West Nile infection is caused by a virus transmitted by mosquitoes. Most people infected with West Nile virus don't experience any signs or symptoms, or may experience only minor ones, such as fever and mild headache. However, in less than one per cent of people, a West Nile virus infection can result in more serious illnesses such as meningitis, encephalitis, or polio-like paralysis. Mild signs and symptoms of a West Nile virus infection generally go away on their own. But severe signs and symptoms — such as a very strong headache, fever, disorientation or sudden weakness — require immediate attention.
The virus itself is an arbovirus (viruses that are transmitted by arthropod vectors) belonging to the genus Flavivirus which is normally found in temperate and tropical regions of the world. It was first identified in the West Nile sub-region of Uganda but has spread globally over the last 15 years, all across the continental United States, north into Canada, and southward into the Caribbean islands and Latin America. It also became established in Europe, beyond the Mediterranean Basin, and a new strain of the virus was identified in Italy in 2012. It is now considered to be an endemic pathogen in Africa, Asia, Australia, the Middle East, Europe and in the United States.
The genus Flavivirus contains a couple of rather nasty fellows such as the dengue virus, the tick-borne encephalitis virus, the yellow fever virus, and several other viruses which may cause encephalitis.
The West Nile virus is transmitted through mosquitoes, which are the prime vectors of the virus.The infected mosquito species vary according to geographical area and usually they prefer birds of the order passeriformes for their blood meal. However, if the number of available birds becomes too low the mosquitoes become less selective and begin feeding more readily on other animal types such as humans and horses which are considered incidental hosts. The infected mosquito species vary according to geographical area and this made large scale screening efforts rather difficult.
A new study just published in PLoS Neglected Tropical Diseases shows the results of a study that looked at the frequency and distribution of viral infections in potential vectors and several mammal species in Turkey, where previous data indicated viral circulation. Only limited information was available on West Nile virus epidemiology in Turkey, although the country lies in the endemic zone of the virus. The researchers collected in 11 provinces in Turkey and tested over 2600 mosquito specimens for presence of the West Nile virus. In addition some 1100 sera, obtained from humans, horses, ducks, and sheep were screened for antibodies. The mosquito specimens were identified using DNA Barcoding.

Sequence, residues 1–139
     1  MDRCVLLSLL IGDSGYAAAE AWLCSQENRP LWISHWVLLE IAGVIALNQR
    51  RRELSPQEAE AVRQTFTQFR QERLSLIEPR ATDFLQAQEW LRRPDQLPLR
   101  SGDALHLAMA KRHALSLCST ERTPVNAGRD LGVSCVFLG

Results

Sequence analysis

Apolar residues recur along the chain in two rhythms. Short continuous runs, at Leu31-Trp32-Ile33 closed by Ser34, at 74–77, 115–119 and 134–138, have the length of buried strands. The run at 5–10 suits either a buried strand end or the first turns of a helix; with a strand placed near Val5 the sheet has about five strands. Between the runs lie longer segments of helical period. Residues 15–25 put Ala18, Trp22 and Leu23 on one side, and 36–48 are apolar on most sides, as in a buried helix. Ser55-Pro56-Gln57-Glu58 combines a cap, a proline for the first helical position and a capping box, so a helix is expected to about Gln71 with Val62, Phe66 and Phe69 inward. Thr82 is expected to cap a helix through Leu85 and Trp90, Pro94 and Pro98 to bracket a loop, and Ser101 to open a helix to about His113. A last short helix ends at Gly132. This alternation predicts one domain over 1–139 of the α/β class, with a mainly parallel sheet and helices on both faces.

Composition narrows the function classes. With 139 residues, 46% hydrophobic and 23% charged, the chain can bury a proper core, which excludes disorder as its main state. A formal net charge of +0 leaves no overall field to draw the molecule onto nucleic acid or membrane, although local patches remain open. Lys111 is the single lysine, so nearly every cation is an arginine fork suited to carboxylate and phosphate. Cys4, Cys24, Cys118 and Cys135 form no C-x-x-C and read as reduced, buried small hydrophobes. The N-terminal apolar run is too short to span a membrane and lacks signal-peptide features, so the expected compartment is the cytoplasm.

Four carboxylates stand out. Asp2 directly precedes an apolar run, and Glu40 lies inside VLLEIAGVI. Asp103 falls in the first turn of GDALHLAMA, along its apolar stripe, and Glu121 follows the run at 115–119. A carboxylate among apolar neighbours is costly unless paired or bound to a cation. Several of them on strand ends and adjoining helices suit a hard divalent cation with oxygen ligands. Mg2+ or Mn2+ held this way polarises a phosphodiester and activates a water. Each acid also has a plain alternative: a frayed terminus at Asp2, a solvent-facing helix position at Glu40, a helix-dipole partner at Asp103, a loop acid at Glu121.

Our findings indicate virus exposure in humans and various animals in previously unexplored regions as well as a high rate of virus circulation in equine blood samples during the mosquito season. Field-captured mosquito specimens demonstrated the presence of major West Nile virus vectors among 15 species identified. West Nile virus infection was detected in 1.9% of the pooled mosquito specimens.
DNA Barcoding analysis of the infected pools showed the presence of very common vector species such as Culex quinquefasciatus and Culex perexiguus, however, Culex quinquefasciatus was previously not known to occur in Turkey.
In conclusion, our findings from vectors and exposed animals indicate a wider zone of West Nile virus activity in Turkey than previously anticipated, including Eastern Thrace and Mediterranean-Aegean regions as well as Southeastern and Northeastern Anatolia. Ongoing virus circulation with limited genomic diversity was observed in certain regions. West Nile virus must be considered in etiology of human or equine febrile diseases with/without central nervous system involvement in these regions. Zones of priority for surveillance of West Nile virus activity via mosquito and/or sentinel animals must be established.
Accurate identification of mosquito species is of significant importance to reveal and predict West Nile virus emergence, because only certain species in any given area can act effectively as primary and bridge vectors to human or equine populations. Mosquitoes are really not easy to identify using morphology alone and I don't think that there is no other more reliable and more rapid way to provide the accurate identification than DNA Barcoding. This study has confirmed that once more.